According to Makis Solomos, we are in the midst of a “change of paradigm … from a musical culture centred on the note to a culture of sound.”7 There is a new emphasis, he suggests, on the materiality of sound: “The history of musical modernity could be written as the succession of increasingly closer revolutions of materials, going from the emancipation of dissonance up to granular synthesis.”8 He claims that the ‘refocussing’ on the material at the expense of language and form is the ‘primary characteristic’ of modernity in music, leading, in the music of Cage, for example, to the disappearance of language and form.9 With other composers the situation is more complex: “refocussing … on material and its proliferation [does] not mean that language or form disappear but that one has more and more trouble distinguishing them from the level of material.”10 Composers from Debussy and Messiaen through Webern to Boulez, Feldman and Arvo Pärt create what Solomos terms “composed resonances,” a “pulverisation of time and material to glorify the present and ‘sound’.”11 For Solomos, this model of composed resonance leads to a conception of electroacoustic music as “composed sound” in which form and material become fused, leading to the primacy of studio practice in popular and contemporary art music, and the integration of studio and live practice in the work of modernist composers from Boulez onwards.12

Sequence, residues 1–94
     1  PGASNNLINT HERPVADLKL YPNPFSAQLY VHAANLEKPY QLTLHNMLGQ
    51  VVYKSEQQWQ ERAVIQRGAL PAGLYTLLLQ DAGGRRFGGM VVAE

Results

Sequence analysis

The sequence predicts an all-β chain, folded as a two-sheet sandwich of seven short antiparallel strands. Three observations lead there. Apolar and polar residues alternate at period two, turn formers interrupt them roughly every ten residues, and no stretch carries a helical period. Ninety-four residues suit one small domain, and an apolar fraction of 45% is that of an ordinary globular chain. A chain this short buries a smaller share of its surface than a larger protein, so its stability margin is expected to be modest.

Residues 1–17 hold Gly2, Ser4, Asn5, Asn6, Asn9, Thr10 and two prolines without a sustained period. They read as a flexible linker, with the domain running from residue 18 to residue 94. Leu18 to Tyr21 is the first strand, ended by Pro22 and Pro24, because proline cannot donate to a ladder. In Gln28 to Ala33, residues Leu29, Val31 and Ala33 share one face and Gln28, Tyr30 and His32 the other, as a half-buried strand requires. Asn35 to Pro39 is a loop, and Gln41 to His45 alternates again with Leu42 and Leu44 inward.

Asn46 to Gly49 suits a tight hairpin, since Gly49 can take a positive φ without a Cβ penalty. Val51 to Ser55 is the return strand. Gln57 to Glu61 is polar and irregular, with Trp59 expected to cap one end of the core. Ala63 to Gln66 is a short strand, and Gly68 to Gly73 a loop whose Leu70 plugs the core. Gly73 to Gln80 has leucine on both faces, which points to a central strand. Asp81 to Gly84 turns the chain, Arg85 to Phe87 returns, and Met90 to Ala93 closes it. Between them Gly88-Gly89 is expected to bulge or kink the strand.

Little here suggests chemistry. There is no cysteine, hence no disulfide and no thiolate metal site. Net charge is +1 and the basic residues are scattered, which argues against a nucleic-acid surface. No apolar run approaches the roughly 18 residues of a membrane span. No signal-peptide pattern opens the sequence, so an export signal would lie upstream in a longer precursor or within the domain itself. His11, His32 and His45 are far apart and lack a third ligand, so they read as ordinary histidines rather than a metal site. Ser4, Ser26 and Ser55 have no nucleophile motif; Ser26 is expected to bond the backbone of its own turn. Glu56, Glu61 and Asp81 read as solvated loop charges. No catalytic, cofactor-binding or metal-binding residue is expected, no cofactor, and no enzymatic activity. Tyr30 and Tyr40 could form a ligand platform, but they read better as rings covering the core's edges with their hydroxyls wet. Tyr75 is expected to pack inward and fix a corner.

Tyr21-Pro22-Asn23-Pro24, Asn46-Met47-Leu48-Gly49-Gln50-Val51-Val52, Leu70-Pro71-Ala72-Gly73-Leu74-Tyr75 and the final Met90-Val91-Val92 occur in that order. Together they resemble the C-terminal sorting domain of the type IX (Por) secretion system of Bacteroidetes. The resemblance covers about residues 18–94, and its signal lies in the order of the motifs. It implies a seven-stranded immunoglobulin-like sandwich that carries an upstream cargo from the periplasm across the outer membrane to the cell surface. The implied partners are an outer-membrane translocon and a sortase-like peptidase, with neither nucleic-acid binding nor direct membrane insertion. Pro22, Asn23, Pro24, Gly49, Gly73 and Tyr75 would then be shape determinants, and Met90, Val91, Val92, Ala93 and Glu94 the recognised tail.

Petra Meyer has identified an “acoustic turn” in theatre.13 This is one of several ‘turns’ that have been claimed for theatre practice in recent decades, and heralds “a new attentiveness to the auditory level of theatre” that gave rise to “a new dominance of dance and music” in theatrical performance, as well as “media-technological developments and the new staging possibilities they present today.”14 By abandoning what she calls “psychological-realistic” theatre design, the audible is able to assert equal status in relation to the visible: “the acoustic level creates space itself, gives it dimensions, and determines its atmosphere.”15 She links this experience with the phenomenology of Maurice Merleau-Ponty who deals with “the interplay of imagination and the experience of real living space, thus ensuring the relevance of the world as a milieu of perception and thought.”16 For Meyer, the theatrical experience of immersion in such performance spaces mirrors our lived experience.